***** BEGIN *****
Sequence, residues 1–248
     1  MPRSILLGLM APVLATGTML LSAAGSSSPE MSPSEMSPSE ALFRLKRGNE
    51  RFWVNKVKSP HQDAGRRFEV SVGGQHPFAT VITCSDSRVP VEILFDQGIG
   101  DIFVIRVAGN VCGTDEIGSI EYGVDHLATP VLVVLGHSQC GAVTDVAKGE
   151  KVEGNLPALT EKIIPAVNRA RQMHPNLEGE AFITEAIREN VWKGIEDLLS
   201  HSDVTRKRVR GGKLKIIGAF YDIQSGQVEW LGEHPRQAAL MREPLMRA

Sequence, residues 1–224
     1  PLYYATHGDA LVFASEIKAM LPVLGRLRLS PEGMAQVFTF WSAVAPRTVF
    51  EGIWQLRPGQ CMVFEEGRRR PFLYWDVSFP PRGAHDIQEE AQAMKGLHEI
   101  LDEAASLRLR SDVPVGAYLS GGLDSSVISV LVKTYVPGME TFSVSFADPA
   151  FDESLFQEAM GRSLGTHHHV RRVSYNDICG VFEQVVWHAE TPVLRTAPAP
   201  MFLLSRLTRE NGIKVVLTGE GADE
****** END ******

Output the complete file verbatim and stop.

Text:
Sequence, residues 1–248
     1  MPRSILLGLM APVLATGTML LSAAGSSSPE MSPSEMSPSE ALFRLKRGNE
    51  RFWVNKVKSP HQDAGRRFEV SVGGQHPFAT VITCSDSRVP VEILFDQGIG
   101  DIFVIRVAGN VCGTDEIGSI EYGVDHLATP VLVVLGHSQC GAVTDVAKGE
   151  KVEGNLPALT EKIIPAVNRA RQMHPNLEGE AFITEAIREN VWKGIEDLLS
   201  HSDVTRKRVR GGKLKIIGAF YDIQSGQVEW LGEHPRQAAL MREPLMRA

Sequence, residues 1–224
     1  PLYYATHGDA LVFASEIKAM LPVLGRLRLS PEGMAQVFTF WSAVAPRTVF
    51  EGIWQLRPGQ CMVFEEGRRR PFLYWDVSFP PRGAHDIQEE AQAMKGLHEI
   101  LDEAASLRLR SDVPVGAYLS GGLDSSVISV LVKTYVPGME TFSVSFADPA
   151  FDESLFQEAM GRSLGTHHHV RRVSYNDICG VFEQVVWHAE TPVLRTAPAP
   201  MFLLSRLTRE NGIKVVLTGE GADE